Commentary: Challenges to Cyber Education Mirror Those of STEM

January 1, 2022
By Lt. Gen. Robert M. Shea, USMC (Ret.)

The United States and our partner nations face a critical shortage of skilled cyber workers in this increasingly important discipline. The nature of the challenge stems from demand continuing to outstrip our ability to fill the necessary technical skills. We’re increasingly focused on creating “policy experts” as opposed to developing enough people with technical skills to blunt and deter our adversaries. We need to develop workers with the technical mettle to meet the escalating global challenges in cybersecurity.

This problem is, in part, coupled with that of STEM education shortfalls, and their roots are shared. The U.S. education system is lagging among the world’s advanced nations in the disciplines most needed to compete and prevail in the 21st century. The most recent Program for International Student Assessment (PISA) scores in 2018 ranked the United States 36th out of 79 countries/autonomous regions in mathematics (the United States ranked 10th in science and 13th in reading). Being a middling STEM nation does not reflect what a global power should expect from its education system.

To remedy this slide into mediocrity and improve our cyberwarfare, we need to reexamine our education system and determine what we are doing wrong (and right) in creating the academic and technical skills we need to be effective in cyber. The root cause of our lag in cyber education is often coupled with STEM education shortfalls.

Many times, flaws do not become apparent until they appear as serious problems. For years, U.S. education has increasingly focused on the social aspects of learning vice the hard skills and associated disciplines that define STEM. In some cases, schools have dropped teaching advance placement courses entirely or until late in secondary school grades. Rather than moving away from STEM courses, we need to increase their presence and direct them earlier into students’ education if we are going to successfully meet the cyber workforce challenge.

The late Alan Paller of the SANS Institute warned several years ago that the United States faced a critical shortage—about 300,000—of trained cyber professionals. Our adversaries are striving to seize control of cyberspace as they push for global domination. Numbers count. China has millions of people with advanced technical degrees, and it would be more than happy for the United States to flounder and fail at properly elevating our education system to meet this challenge. We are living in a highly technical and competitive national security environment, and there needs to be more emphasis in these STEM areas..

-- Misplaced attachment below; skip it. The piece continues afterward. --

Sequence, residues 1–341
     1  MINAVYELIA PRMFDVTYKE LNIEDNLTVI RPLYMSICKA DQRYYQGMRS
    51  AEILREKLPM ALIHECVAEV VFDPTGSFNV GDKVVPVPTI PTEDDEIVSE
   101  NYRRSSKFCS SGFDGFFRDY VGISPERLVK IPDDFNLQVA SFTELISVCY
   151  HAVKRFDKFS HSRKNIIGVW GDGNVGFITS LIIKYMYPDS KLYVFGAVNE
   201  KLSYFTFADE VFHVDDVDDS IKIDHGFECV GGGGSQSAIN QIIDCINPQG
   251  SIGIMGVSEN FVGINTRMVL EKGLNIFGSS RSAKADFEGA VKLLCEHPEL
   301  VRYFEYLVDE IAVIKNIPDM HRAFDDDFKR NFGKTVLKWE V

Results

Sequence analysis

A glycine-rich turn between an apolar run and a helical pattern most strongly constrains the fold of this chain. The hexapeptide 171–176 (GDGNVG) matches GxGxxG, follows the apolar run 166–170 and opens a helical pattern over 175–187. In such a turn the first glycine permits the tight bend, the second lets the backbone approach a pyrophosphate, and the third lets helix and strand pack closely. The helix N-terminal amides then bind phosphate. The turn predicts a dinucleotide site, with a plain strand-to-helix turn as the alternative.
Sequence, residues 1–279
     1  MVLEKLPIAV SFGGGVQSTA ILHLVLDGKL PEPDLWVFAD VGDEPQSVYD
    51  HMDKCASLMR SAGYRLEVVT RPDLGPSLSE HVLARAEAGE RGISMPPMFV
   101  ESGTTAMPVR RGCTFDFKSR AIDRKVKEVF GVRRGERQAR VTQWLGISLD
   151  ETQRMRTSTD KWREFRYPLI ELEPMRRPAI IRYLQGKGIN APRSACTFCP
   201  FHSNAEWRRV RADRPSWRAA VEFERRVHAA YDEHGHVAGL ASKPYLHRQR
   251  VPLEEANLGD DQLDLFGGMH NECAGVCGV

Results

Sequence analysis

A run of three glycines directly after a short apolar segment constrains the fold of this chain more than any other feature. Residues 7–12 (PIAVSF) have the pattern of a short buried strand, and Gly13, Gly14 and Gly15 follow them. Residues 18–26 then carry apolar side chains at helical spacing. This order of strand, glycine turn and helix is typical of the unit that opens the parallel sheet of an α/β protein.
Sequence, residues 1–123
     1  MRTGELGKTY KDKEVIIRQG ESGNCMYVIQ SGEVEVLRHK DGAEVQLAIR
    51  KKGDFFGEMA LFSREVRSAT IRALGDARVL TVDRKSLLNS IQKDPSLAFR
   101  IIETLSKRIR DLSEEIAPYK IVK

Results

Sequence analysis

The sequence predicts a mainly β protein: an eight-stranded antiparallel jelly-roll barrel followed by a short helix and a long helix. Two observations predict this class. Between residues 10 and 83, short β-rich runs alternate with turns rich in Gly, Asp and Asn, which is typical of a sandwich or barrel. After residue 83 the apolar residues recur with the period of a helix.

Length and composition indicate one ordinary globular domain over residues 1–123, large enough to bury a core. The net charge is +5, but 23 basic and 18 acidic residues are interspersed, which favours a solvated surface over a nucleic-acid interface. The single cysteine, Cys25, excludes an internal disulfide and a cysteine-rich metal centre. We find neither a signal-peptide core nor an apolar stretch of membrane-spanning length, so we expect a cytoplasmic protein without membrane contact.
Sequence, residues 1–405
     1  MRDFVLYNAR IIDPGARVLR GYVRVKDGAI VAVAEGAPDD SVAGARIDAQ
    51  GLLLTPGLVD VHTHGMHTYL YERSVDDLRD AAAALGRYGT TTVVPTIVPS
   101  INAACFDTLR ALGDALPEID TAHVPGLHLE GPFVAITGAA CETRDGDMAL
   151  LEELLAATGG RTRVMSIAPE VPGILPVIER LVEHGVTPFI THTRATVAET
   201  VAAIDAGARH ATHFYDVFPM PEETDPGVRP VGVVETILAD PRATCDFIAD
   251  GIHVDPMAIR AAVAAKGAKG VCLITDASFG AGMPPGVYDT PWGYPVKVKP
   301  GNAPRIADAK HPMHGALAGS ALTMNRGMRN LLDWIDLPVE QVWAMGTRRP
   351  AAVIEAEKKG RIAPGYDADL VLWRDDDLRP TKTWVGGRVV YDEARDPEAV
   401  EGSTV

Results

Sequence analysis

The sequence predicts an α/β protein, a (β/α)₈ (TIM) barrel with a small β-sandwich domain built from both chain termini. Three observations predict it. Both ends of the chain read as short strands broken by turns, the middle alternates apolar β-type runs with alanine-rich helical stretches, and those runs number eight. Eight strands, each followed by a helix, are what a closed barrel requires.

When confronted by past trials, the United States has surged to meet the test. The country rose to the challenge when World War II erupted, and the education system received a jolt of STEM emphasis in the wake of Sputnik’s launch in 1957. The challenge we face today in some ways is a combination of those two trials.

To begin, we should increase our emphasis on K-8 STEM education. Programs such as competitive games can entice children into cybersecurity and technical concepts. These efforts can plant the seeds of STEM in young minds.

Unfortunately, our education system seems to be teaching our children what to think as opposed to how to think—a critical factor in cybersecurity. This is improper for several reasons, but in STEM education, “what to think” does not empower and encourage youth to explore different and alternative avenues that can lead to innovation, creativity and problem-solving.

Further, at higher levels, cyber education and training should be more widely introduced as a career option. There is no need to compel everyone to pursue a four-year technical degree for a skilled cybersecurity workforce. Two-year, highly focused technical skills programs at community colleges reinforced by strong mentoring can provide an effective baseline education for people to enter the field. Life skills and experience can often serve as a substitute for many of the current “core” general education requirements.

In high school, increased technical vocational education can focus on more advanced cybersecurity skills. This once-popular approach to training and education should be revitalized and applied to cybersecurity

Efforts need not be limited to the existing institution of education. Several members of the AFCEA Cyber Committee have published a white paper calling for a Federal Digital Service Academy on par with the U.S. service academies, focused on cyber as well as new and evolving technologies such as artificial intelligence

The cyber education train left the station long ago. Now, we are playing catch-up. No one wants to be just average in a highly competitive world, and there is no magic bullet to fix the problem. It will take a wide-ranging effort across several disciplines, and it must be lasting.

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